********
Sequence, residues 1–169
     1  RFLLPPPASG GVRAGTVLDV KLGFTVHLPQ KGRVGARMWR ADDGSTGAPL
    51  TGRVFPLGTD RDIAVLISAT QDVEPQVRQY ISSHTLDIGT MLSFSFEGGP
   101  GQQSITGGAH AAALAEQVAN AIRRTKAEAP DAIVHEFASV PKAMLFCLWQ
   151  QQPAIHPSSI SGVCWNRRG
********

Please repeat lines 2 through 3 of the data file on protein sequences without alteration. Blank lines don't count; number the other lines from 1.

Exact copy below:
     1  RFLLPPPASG GVRAGTVLDV KLGFTVHLPQ KGRVGARMWR ADDGSTGAPL
    51  TGRVFPLGTD RDIAVLISAT QDVEPQVRQY ISSHTLDIGT MLSFSFEGGP